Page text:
The isolation unit has glass walls so that hospital workers can monitor you without exposing themselves. For blood tests and IV changes, a doctor enters through an anteroom, which is equipped with a shower, where he stores his infection-prevention gear. He wears shoe covers because at this point, you are gushing diarrhea and sweat.
Health officials would interview your family and anyone else you’ve interacted with since you began to show symptoms. Your family would be isolated, likely in a similar hospital room, until their lab tests cleared them. Because you’re infected, your family might only be able to wave at you through the glass partition and talk with you through an intercom system.
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Past strains of Ebola have killed 90 percent of those infected, but this one seems slightly less lethal, at just 55 percent. Still, you don’t like those odds. So far the doctors are giving you supportive care—water and antibiotics—but there’s no cure.
There are a few potential therapeutics for Ebola, but none that have cleared human trials yet. In fact, it would take weeks, if not months, for drug companies to develop any sort of reliable treatment.
“If we got some kind of an outbreak in the U.S., we're technically screwed,” said Michael Pollastri, an associate professor of chemistry, also at Northeastern University. “It doesn't work like the movies where you get a cure in three days. The thing is with these antibodies, you have to grow them up in living cells. People don’t just run out of the lab and say, ‘I have it right here! Give it to that guy!’”
You start to think maybe there’s hope for you in an experimental serum like ZMapp, the drug used to treat the missionaries Kent Brantly and Nancy Writebol, who contracted Ebola while treating patients in Liberia.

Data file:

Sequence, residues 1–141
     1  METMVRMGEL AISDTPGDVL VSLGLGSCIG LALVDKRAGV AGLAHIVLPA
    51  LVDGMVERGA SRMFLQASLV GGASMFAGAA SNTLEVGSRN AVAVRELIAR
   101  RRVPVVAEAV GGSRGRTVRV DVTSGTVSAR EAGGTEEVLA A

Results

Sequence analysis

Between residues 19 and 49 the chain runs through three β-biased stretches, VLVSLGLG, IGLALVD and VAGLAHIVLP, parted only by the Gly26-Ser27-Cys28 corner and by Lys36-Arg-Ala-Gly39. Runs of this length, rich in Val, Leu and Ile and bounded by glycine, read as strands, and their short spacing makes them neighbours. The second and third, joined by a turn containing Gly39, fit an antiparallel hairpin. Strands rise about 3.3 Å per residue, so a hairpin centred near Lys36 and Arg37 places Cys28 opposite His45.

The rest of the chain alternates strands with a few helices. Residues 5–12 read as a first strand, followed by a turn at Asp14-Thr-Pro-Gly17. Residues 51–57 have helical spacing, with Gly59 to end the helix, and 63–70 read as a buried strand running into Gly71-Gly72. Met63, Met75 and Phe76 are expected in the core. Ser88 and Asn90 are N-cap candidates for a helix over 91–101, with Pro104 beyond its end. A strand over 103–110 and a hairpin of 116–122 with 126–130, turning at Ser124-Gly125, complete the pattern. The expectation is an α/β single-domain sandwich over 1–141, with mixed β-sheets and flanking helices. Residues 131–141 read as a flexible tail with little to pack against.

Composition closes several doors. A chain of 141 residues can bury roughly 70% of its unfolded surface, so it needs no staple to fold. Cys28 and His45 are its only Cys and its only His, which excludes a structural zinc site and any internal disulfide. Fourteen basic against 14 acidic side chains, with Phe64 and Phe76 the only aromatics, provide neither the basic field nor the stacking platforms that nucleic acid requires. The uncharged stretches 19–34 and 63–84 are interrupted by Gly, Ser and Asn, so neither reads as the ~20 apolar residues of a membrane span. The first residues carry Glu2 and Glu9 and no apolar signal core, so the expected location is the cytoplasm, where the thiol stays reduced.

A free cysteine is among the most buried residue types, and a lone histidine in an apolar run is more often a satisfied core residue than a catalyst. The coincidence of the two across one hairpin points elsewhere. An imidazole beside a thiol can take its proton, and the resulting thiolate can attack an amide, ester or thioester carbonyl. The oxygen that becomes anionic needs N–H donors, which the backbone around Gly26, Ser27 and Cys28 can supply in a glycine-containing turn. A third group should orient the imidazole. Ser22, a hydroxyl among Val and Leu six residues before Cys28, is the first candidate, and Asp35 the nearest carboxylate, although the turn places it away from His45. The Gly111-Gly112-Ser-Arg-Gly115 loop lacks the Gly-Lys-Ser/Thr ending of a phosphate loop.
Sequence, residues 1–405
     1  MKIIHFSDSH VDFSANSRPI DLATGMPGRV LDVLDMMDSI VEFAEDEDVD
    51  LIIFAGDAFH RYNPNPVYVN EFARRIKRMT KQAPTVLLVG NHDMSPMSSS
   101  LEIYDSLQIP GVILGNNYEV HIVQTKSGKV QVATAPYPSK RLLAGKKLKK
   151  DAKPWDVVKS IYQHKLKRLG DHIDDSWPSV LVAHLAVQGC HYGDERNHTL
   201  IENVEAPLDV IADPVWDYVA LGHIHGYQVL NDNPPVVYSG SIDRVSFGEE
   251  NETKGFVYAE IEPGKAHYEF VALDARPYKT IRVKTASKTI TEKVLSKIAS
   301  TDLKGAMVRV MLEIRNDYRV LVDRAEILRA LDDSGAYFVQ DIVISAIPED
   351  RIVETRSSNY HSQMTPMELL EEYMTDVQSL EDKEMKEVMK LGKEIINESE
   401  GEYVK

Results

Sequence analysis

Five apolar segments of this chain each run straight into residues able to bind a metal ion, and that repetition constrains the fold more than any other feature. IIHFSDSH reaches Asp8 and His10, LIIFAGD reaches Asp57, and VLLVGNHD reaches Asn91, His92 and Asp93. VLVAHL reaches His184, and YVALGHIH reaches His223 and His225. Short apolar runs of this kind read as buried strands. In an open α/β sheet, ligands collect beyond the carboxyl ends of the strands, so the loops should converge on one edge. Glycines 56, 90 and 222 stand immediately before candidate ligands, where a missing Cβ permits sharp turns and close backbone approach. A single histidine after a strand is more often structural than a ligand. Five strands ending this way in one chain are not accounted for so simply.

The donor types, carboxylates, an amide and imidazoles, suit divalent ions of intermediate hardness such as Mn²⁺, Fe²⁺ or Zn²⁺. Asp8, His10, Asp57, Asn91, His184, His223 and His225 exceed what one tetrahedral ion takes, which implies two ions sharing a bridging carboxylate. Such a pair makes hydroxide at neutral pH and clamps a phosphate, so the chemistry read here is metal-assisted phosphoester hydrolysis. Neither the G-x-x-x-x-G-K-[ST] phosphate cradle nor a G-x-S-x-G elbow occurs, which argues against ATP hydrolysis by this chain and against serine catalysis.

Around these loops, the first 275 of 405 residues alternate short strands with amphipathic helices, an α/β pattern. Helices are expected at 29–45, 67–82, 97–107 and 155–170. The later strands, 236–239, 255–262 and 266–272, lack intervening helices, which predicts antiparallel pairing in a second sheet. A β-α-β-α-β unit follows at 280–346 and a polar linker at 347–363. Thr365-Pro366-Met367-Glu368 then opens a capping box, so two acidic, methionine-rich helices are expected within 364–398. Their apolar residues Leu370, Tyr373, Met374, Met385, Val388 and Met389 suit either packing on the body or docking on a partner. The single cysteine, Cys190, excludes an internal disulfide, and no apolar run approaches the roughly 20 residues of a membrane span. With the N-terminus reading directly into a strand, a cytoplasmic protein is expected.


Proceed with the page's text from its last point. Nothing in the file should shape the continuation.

The first step would be for the hospital to appeal to the FDA for permission to be allowed to use an experimental therapy under the agency’s “compassionate use” provision. The FDA says “yes” 98 percent of the time, so this isn’t your biggest hurdle, according to Arthur Caplan, director of the division of medical ethics at NYU’s Langone Medical Center.
Unfortunately for you, though, neither the hospital nor the government decides who gets experimental treatments; the drug companies do. ZMapp, the antibody given to Brantly and Writebol, is made by a tiny California company called Mapp Biopharmaceutical Inc. It has nine employees and only a tiny amount of ZMapp. Yesterday, Bloomberg reported that Mapp is apparently sending ZMapp to West Africa, and it has now depleted its meager supply of the drug.
But let’s say there was some ZMapp left. The decision to give it to you would be the manufacturer’s.
“There's no authority to compel the company to give you anything,” Caplan said. “A company can set the terms, it can say, ‘Yep, you can have it, you just have to pay us enough money.’”